Wed. Nov 21st, 2018

Govinda Prasad Mainali, who was serving a life sentence in a Japanese jail walks free after 15 yrs

Family members of Nepalese man Govinda Prasad Mainali, his wife Radma Mainali (C), daughter Mithila Mainali (R) and Alisha Mainali (L) smile with their supporters in front of the Tokyo High Court in Tokyo

KATHMANDU, June 8: Govinda Prasad Mainali, who was serving a life sentence in a Japanese jail in a high-profile murder case 15 years ago, walked a free man after the Tokyo High Court ordered a retrial Thursday.

Presiding Judge Shoji Ogawa based his ruling on new DNA testing which suggests that Mainali, who was serving life for murdering 39-year-old Yasuko Watanabe, a female employee of Tokyo Electric Power Co (TEPCO) in 1997, may be innocent.

“The verdict stated that he would likely not have been found guilty if the test results had been submitted to the court back then,” advocate Balaram Shrestha, who practices law in Japan, said over the phone from Tokyo.

The court suspended the life sentence and granted Mainali release from jail after turning down prosecutors who tried twice to register an appeal against his release–first with Bench No 4 and then with Bench No 5.

“I am very happy following the retrial verdict. This is as good as winning the case,” Mainali´s wife Radhika, who had reached Tokyo along with their two daughters in anticipation of a favorable verdict, said over the phone. “I pray that no one else should have to go through all that we have suffered,” she added.

Mainali has been sent to an immigration facility in Yokohama following the verdict as he was first arrested in Japan back in 1997 for overstaying his visa. Advocate Shrestha said the Immigration Bureau will now either deport him to Nepal or grant him an exit permit to leave Japan.

Radhika, who is in now Japan for the 10th time to seek justice for her husband, disclosed that she had gone to meet her husband at the prison on Wednesday.

The prison authorities, who would not normally allow her to meet him for more than 15 minutes allowed her to talk with him for 45 minutes this time, she said.

“He asked me to not worry and assured me that the verdict would go in our favor. He said he would hopefully return to Nepal along with us,” she disclosed.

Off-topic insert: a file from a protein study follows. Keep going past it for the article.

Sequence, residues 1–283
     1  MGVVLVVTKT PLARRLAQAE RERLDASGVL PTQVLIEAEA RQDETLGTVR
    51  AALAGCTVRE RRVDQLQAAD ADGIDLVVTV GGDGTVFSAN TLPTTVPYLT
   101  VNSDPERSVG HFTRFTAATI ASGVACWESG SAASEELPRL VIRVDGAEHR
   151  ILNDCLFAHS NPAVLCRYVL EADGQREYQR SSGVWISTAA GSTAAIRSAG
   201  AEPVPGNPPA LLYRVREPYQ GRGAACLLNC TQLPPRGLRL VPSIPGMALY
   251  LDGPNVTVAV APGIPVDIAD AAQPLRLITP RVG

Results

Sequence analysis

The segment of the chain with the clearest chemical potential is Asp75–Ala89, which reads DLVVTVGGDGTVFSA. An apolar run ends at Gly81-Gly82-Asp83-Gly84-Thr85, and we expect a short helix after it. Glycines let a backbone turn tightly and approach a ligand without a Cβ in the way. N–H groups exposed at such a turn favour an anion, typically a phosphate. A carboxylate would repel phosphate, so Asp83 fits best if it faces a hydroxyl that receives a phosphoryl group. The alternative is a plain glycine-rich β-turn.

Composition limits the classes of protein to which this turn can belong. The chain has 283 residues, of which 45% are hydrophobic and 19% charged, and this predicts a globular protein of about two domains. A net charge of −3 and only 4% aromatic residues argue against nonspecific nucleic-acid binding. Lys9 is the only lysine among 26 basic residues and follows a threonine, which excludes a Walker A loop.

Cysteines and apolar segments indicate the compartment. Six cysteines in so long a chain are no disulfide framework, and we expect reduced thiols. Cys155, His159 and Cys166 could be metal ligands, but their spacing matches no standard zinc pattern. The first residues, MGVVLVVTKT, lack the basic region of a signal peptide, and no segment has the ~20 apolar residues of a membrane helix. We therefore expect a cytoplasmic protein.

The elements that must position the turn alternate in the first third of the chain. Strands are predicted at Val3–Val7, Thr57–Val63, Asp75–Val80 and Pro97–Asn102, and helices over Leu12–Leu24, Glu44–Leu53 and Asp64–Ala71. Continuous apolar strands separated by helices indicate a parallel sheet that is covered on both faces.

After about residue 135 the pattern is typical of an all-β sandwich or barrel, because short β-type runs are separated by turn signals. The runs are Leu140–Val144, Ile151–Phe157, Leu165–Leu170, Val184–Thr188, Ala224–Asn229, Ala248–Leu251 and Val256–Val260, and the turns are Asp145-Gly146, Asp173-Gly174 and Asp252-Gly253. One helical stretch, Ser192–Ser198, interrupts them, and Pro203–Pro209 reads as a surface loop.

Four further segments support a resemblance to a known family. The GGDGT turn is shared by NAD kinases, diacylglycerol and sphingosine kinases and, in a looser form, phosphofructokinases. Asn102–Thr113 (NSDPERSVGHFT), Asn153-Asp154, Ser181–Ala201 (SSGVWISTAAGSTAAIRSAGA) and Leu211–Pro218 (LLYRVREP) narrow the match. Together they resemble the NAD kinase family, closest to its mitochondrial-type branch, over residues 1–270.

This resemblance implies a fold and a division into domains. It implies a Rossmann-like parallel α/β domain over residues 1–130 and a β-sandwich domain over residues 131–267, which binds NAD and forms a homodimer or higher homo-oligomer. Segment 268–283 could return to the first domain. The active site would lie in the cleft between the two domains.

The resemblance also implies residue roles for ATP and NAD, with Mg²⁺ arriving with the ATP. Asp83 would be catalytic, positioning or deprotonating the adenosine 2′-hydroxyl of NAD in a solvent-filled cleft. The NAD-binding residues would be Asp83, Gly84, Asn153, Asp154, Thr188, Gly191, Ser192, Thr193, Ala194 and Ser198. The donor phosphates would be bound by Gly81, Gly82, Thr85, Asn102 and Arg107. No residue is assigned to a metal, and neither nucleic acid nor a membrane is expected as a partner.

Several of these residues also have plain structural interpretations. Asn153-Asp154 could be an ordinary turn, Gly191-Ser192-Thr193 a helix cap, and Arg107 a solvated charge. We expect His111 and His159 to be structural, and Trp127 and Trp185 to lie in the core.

She will go to meet her husband at the immigration facility on Friday.

Dr Gopal Krishna Siwakoti, president of Inhured International, who has been following the case since Mainali´s first arrested in 1997, called the re-trial verdict a landmark decision for migrant workers throughout the world.

“The Japanese judiciary is very conservative and does not order a retrial unless there is sufficient evidence to suggest the innocence of the convict,” Dr Siwakoti said.
Japanese media said that this is the only retrial after World War II for convicts sentenced to death or life imprisonment.

Dr Siwakoti reasoned that the fact that the court did not ask Mainali not to leave Japan and that Nepal does not have an extradition treaty with Japan show that the court feels he is innocent and could not by any chance have committed the murder.

“The fact that the trial (district) court had first acquitted him in a country which has a conviction rate of 99 percent shows he is innocent. The Japanese judiciary knew that he was innocent all along but was trying to stop a retrial to salvage their collective reputation,” he stated, adding that a due compensation process would soon follow after Thursday´s verdict.

Govinda Mainali, who left Nepal for Japan in 1994, worked as a waiter in Tokyo until police arrested him in March 1997. He was first held on the charge of overstaying and then on the charge of murdering Watanabe, who moonlighted as a prostitute and was killed on March 8, 1997.

Tokyo District Court found him not guilty in April, 2000. But the prosecution, presenting selective evidence, appealed at Tokyo High Court, which found him guilty and jailed him for life on circumstantial evidence, deeming that a third party could not conceivably have entered the murder victim´s room.

Tokyo High Court ordered a re-examination of evidence last year following a request for retrial as two crucial pieces of evidence, which were evidently not presented by the prosecution back then, had emerged.

DNA tests in July, 2011 showed that a semen sample collected from the woman´s body was not Mainali´s and instead matched a body hair sample found in the room where the woman´s body was found, suggesting the presence of another man at the time of the murder. Then came the revelation later in the year that the blood group of saliva traces found on Watanabe´s breast does not match that of Mainali. The saliva blood type is O, while his is B.

by PREM DHAKAL from Republica

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